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In chapter three of “Hints on Child Training,” Trumbull really starts to reveal the weight of responsibilities we, as parents, are privileged to carry as we raise our children.

First, he clarifies that we can train a child in the way s/he can go to his/her fullest extent, but we can’t train a child according to another’s capabilities.  We must keep in mind that some children are hindered with specific limitations that others might not have to struggle through, like blindness, learning disabilities, or physical limitations. However, Trumbull states, “the range is wide within the limitations of possible results from the training process.”

He continues:

A nervous temperament, cannot, it is true, be trained into a phlegmatic one or a phlegmatic temperament be trained into a nervous one; but a child who is quick and impulsive can be trained into moderation and carefulness of speech and of action, while a child who is sluggish and inactive can be trained rapidity of movement and to energy of endeavor….

The sure limitations of a child’s possibilities of training are obvious to a parent.  If one of the physical senses be lacking to the child, no training will restore that sense, although wise training will enable the child to overcome many of the difficulties that meet him as a consequence of his native lack…

In other words, if the child be grievously deformed or defective at birth, or by some early casualty, there is an inevitable limitation accordingly to the possibilities of his training.  But if a child be in possession of an ordinary measure of faculties and capacity, his training will decide the manner and method and extent and the use of his God-given powers.

It is, therefore, largely a child’s training that settles the question whether a child is graceful or awkward in his personal movements… whether he is faithful in his studies, or is neglectful of them…  In all these things his course indicates what his training has been; or it suggests the training that he needed, but has missed.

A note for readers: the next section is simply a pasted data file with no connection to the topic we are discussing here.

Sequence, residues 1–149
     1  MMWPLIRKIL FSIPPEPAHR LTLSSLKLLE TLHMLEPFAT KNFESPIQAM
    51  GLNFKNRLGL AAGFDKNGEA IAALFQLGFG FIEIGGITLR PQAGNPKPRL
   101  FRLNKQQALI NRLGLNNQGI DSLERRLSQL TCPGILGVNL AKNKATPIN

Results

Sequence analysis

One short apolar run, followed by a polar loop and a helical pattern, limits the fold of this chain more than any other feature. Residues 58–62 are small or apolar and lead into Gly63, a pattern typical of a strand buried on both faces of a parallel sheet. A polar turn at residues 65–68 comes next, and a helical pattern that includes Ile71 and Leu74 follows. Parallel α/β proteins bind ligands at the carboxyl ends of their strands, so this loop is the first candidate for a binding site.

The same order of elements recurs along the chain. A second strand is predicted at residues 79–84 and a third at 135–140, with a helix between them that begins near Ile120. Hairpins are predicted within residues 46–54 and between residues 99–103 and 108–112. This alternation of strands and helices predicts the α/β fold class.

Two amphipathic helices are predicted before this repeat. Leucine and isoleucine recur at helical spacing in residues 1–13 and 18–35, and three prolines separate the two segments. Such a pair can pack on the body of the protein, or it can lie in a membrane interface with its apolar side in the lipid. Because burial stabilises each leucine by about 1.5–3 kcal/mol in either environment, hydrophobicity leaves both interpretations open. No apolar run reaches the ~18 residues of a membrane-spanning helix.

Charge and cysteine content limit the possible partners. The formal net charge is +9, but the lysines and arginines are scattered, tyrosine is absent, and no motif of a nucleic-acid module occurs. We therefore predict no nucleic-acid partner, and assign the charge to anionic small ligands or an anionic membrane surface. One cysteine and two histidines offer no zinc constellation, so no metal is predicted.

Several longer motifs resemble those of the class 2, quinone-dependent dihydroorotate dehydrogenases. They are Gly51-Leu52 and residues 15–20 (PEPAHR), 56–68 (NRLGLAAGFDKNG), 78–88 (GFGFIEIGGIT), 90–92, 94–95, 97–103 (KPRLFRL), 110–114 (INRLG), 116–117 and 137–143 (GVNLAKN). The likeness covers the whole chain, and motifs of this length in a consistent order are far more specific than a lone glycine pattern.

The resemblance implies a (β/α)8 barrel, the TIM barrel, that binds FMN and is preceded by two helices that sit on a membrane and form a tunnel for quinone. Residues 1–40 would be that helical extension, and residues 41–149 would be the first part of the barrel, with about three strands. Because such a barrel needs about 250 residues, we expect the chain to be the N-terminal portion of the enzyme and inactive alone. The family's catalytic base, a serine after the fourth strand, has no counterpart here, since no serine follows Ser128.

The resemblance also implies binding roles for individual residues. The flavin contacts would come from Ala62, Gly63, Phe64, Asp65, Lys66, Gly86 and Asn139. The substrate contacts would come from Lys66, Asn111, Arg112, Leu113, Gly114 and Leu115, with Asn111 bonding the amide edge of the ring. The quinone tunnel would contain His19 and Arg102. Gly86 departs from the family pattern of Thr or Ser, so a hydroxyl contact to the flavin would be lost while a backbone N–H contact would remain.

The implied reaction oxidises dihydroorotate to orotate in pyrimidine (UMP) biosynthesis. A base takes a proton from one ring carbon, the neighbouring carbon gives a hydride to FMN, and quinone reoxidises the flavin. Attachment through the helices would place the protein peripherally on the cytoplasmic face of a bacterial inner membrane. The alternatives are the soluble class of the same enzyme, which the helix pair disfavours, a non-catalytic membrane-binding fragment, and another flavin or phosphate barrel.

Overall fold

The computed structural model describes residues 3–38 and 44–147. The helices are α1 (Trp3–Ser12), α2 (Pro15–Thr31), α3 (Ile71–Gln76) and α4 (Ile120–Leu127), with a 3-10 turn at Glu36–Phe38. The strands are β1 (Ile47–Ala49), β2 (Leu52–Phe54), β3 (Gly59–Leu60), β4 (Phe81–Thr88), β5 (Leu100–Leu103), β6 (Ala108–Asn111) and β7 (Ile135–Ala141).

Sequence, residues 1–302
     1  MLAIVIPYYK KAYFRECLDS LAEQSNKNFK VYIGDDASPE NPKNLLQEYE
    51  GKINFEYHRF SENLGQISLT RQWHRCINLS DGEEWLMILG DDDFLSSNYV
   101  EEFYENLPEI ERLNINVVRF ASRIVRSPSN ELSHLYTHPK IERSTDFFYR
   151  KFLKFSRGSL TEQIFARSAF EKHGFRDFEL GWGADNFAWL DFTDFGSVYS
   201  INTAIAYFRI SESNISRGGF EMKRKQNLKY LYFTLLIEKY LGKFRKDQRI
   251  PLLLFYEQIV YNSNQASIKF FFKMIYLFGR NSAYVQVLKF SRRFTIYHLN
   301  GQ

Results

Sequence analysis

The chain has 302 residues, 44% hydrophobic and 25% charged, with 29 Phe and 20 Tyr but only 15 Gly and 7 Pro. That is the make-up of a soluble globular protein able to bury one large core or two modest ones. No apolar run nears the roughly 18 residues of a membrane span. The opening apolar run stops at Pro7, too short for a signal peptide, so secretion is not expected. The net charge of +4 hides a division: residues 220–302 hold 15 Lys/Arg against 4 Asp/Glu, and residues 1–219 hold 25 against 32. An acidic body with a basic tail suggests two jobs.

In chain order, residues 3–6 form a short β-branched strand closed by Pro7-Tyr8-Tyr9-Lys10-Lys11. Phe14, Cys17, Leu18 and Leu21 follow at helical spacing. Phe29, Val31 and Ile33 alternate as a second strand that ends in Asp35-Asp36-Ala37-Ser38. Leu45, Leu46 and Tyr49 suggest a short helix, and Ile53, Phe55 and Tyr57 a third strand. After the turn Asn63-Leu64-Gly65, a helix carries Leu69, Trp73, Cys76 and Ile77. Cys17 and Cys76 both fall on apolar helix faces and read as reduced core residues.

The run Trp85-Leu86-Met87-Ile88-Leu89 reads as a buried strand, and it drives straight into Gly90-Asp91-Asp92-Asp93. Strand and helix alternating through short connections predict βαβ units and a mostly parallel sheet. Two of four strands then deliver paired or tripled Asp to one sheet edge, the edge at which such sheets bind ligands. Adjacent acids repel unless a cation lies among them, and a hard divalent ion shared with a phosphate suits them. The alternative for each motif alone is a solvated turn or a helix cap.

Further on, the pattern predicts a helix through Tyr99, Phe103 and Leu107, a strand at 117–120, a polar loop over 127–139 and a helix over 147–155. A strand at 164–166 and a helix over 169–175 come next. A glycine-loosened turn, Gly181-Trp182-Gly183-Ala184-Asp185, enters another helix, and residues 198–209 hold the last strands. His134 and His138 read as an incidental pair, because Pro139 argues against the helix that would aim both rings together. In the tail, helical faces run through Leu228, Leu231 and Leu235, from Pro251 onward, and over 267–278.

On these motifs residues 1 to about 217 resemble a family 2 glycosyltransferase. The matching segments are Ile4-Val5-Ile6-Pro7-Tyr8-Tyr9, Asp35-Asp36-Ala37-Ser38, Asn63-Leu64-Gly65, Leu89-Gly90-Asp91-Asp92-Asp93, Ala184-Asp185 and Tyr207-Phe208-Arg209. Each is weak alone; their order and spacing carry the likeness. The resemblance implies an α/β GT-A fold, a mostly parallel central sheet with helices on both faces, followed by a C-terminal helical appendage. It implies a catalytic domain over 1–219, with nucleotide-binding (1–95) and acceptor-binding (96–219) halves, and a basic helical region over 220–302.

These are incredibly sobering points.  I think he’s placing the responsibility we, as parents have always held but sometimes never knew it.  Our society makes it easy for us to relinquish our role as trainer to our children in the name of “self expression,” and “phases.”  We don’t stop our children from throwing fits because we don’t want them to “stuff their emotions,” so we leave them alone to their own out-of-control demise and ignore them until they’re “over it” (or until the next time they hit another wave of intense emotion they don’t know how to handle), just as the parenting books say to do.  Instead, the temper tantrum was an ideal time to lovingly intervene and guide the child through their emotions while informing and enforcing what is and isn’t acceptable behavior.  If we leave them to their own devices and let them sort it out for themselves never having guided them through a similar situation, their growth will be tragically stunted.

We, as parents, must reclaim our role in our children’s lives.  Despite what we are fed through the airwaves and this culture, we hold a lot of control over our children.  We also love them more than anyone but the Lord.  We must marry our love for them and desire for them to thrive with necessary discipline and training that will accomplish a rich, strong, influential life for them.  “TRAIN a child in the way he should go, and when he is old he will not turn from it.” Proverbs 22:6 (Emphasis added.)

All Aboard! Hints on Child Training

Hints on Child Training: The Duty of Training Children
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Drought weights the trees, and from the farmhouse eaves
The locust, pulse-beat of the summer day,
Throbs; and the lane, that shambles under leaves
Limp with the heat–a league of rutty way –
Is lost in dust; and sultry scents of hay
Breathe from the panting meadows heaped with sheaves.

– from "The Rain-Crow" by Madison Cawein (1865 – 1914)

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